Research Aims & Objectives
Development and regeneration of the heart and coronary vasculature
Our ongoing research seeks to enhance the inadequate regenerative capacity of the adult mammalian heart based on:
- understanding embryonic mechanisms which influence epicardial function
- investigating mechanisms of embryonic coronary vessel formation
- developing strategies to redeploy embryonic mechanisms for neovascularisation and regeneration of the ischaemic adult heart
Details of research interests
The principle of redeploying embryonic mechanisms in the adult heart for cardiac repair Myocardial infarction (MI) causes irreversible cell loss and scarring, leading to adverse remodelling and heart failure. Given the heart’s inadequate capacity for self-repair, significant effort has been invested in regenerative strategies to replace damaged muscle cells and revascularise the heart. Studies of the embryonic heart, including the identification of cardiovascular progenitors, have informed strategies to manipulate a regenerative response in the adult and this paradigm is the underlying basis of our research. Specifically, we revealed the potential to reactivate quiescent adult epicardial cells to unleash a source of cardiac progenitors for ‘DIY’ repair of the injured heart (Smart et al., Nature 2007 & 2011). Similarly, from our studies on vascular development (Smart et al., Nat. Commun. 2010; Rossdeutsch et al., Circ. Res. 2012), novel insights have emerged into mechanisms that are important for maintenance of vessel stability throughout adult life (Munshaw et al., J. Clin. Invest. 2021) and neovascularisation of the ischaemic heart (Dubé et al., JCI Insight. 2017).
Due to their fundamental role in heart development, epicardium-derived cells (EPDCs) have emerged as a population with potential to regenerate myocardium and coronary vasculature (Redpath and Smart, Stem Cells Transl Med, 2020). The ability to revive quiescent EPDCs lies in the identification of key molecular cues used in embryonic heart development (Smart et al., Nature 2007). Mobilisation of epicardial cells into the adult myocardium is dependent upon epithelial to mesenchymal transformation (EMT), a critical event in the embryonic heart that is poorly recapitulated in the adult. Profiling the epicardium and its derivatives at the single cell level (Lupu et al., Stem Cell Reports, 2020) has revealed important insights into the underlying mechanisms and ongoing projects investigate the signalling and regulatory pathways that control EMT.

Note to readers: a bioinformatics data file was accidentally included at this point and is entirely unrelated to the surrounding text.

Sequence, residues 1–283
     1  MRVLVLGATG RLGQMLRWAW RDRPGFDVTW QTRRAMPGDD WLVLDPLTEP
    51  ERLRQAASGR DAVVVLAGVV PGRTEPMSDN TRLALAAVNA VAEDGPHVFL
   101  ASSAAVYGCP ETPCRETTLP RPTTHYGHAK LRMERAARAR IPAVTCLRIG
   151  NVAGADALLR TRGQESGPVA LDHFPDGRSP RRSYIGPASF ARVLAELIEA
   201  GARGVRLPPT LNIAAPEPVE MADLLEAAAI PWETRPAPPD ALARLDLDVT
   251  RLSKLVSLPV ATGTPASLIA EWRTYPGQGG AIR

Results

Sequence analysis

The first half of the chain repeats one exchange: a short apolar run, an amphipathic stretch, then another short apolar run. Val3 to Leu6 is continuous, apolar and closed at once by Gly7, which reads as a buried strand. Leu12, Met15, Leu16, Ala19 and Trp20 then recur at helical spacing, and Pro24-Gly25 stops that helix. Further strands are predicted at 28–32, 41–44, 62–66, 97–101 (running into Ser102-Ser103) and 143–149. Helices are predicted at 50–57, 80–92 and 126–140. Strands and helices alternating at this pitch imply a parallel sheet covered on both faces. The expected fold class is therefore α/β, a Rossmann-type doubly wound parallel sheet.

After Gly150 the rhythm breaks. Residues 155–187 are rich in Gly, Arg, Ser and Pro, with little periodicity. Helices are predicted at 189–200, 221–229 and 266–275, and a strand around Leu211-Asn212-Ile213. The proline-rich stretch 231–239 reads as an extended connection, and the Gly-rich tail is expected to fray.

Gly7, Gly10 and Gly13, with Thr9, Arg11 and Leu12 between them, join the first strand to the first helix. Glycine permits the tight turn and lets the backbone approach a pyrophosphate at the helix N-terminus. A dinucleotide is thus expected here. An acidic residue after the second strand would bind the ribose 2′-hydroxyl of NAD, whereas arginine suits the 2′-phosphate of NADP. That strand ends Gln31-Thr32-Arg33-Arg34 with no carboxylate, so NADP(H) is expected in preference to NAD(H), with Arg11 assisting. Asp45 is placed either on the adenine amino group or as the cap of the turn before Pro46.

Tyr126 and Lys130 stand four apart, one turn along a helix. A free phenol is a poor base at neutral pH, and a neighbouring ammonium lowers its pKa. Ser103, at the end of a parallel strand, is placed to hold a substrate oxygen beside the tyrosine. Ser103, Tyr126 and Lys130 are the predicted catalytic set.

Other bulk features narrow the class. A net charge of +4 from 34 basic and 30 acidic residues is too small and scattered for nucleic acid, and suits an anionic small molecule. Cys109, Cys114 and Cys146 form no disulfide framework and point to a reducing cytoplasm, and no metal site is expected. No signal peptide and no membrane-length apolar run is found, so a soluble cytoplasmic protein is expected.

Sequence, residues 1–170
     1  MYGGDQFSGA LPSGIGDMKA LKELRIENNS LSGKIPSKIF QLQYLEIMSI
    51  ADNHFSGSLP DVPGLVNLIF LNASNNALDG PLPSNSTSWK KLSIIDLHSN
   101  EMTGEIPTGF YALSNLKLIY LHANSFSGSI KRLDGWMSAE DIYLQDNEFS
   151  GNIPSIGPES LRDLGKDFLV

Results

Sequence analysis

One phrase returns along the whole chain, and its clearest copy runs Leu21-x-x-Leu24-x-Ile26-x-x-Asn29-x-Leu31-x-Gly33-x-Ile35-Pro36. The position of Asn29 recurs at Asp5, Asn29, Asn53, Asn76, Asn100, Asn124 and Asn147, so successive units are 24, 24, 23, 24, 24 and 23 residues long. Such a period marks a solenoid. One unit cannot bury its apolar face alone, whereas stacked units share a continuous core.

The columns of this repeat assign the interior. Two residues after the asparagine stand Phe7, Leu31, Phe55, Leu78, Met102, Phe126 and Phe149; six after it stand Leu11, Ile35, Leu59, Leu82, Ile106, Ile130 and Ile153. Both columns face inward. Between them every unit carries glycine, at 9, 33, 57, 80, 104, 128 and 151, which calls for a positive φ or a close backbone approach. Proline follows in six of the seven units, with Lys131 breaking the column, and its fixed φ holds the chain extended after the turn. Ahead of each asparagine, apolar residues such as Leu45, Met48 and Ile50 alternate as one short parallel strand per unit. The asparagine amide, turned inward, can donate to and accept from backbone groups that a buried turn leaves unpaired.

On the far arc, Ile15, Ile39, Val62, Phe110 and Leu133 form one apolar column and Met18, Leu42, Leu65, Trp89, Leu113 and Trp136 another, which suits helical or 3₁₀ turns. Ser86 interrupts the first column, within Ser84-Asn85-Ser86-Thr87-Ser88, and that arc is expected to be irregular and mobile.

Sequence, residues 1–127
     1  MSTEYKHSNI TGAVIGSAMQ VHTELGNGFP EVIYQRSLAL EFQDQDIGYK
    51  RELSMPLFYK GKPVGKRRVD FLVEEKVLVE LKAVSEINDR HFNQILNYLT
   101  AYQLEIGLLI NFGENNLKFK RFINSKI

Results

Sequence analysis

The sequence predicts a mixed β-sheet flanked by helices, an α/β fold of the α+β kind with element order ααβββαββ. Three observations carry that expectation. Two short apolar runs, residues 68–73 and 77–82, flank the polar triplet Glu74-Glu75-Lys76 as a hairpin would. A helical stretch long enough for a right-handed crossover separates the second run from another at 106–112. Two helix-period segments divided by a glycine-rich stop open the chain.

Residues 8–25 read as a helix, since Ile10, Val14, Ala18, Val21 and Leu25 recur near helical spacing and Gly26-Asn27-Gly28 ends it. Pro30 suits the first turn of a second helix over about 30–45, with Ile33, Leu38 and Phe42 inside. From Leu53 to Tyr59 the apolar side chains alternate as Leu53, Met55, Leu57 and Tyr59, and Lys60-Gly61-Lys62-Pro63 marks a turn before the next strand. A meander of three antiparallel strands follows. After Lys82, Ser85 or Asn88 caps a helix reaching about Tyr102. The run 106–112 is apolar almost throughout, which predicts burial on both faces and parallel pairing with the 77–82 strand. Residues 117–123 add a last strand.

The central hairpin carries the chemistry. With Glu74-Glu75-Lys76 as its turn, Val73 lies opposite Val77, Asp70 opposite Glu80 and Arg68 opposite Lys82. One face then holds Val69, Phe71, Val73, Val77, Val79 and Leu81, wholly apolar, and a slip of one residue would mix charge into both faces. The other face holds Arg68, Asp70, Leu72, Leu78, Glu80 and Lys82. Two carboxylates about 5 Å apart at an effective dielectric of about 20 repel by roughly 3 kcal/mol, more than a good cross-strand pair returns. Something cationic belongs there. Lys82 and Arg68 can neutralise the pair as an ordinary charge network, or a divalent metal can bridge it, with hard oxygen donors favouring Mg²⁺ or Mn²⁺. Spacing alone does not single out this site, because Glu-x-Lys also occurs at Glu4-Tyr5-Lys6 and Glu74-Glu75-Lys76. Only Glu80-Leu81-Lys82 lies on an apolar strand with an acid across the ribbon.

During development, the endothelium of the coronary vasculature derives from the sinus venosus and endocardium. In response to injury, these lineages are partly reactivated, as an endogenous attempt to revascularise the ischaemic heart (Dubé et al., JCI Insight, 2017), however, there are fundamental differences between the regulatory pathways controlling vessel growth in the embryo and adult and between regenerative (zebrafish and neonatal mouse) and non-regenerative (adult mouse) models (Payne et al., Nat. Commun, 2019). Comparative analyses allow us to identify key mechanisms that may be extrapolated and targeted in the adult mammalian heart to enhance repair.
- Dr Jacinta Kalisch-Smith
- Dr Ian McCracken
- Dr Andia Redpath
- Dr Andrew Robson (visiting)
Collaborators - Oxford:
Collaborators - External:
- Enrique Lara-Pezzi, CNIC, Madrid
- Amer Rana, Cambridge/ UEA
- Linda Troeberg, UEA
- Bin Zhou, Shanghai
- British Heart Foundation
- Medical Research Council
While sharing research findings with the scientific community is immensely rewarding, we derive great satisfaction from presenting our research to the public. Our team’s outreach activities have included invited lectures at schools and Science Cafés, public debates, laboratory visits for local school pupils and interactive presentations at the Oxford Science + Ideas Festival. As a BHF research fellow, Nicola regularly hosts lab tours for BHF supporters, has presented a seminar for the administrative staff at BHF headquarters and featured in various videos, newspaper articles and the charity’s “Fight for Every Heartbeat” national television advertising campaign. Nicola recently recorded a podcast for Oxford Sparks “How do you mend a broken heart?” and presented a Lady Dervorguilla seminar, hosted by Balliol College, to feature leading female academics in Oxford.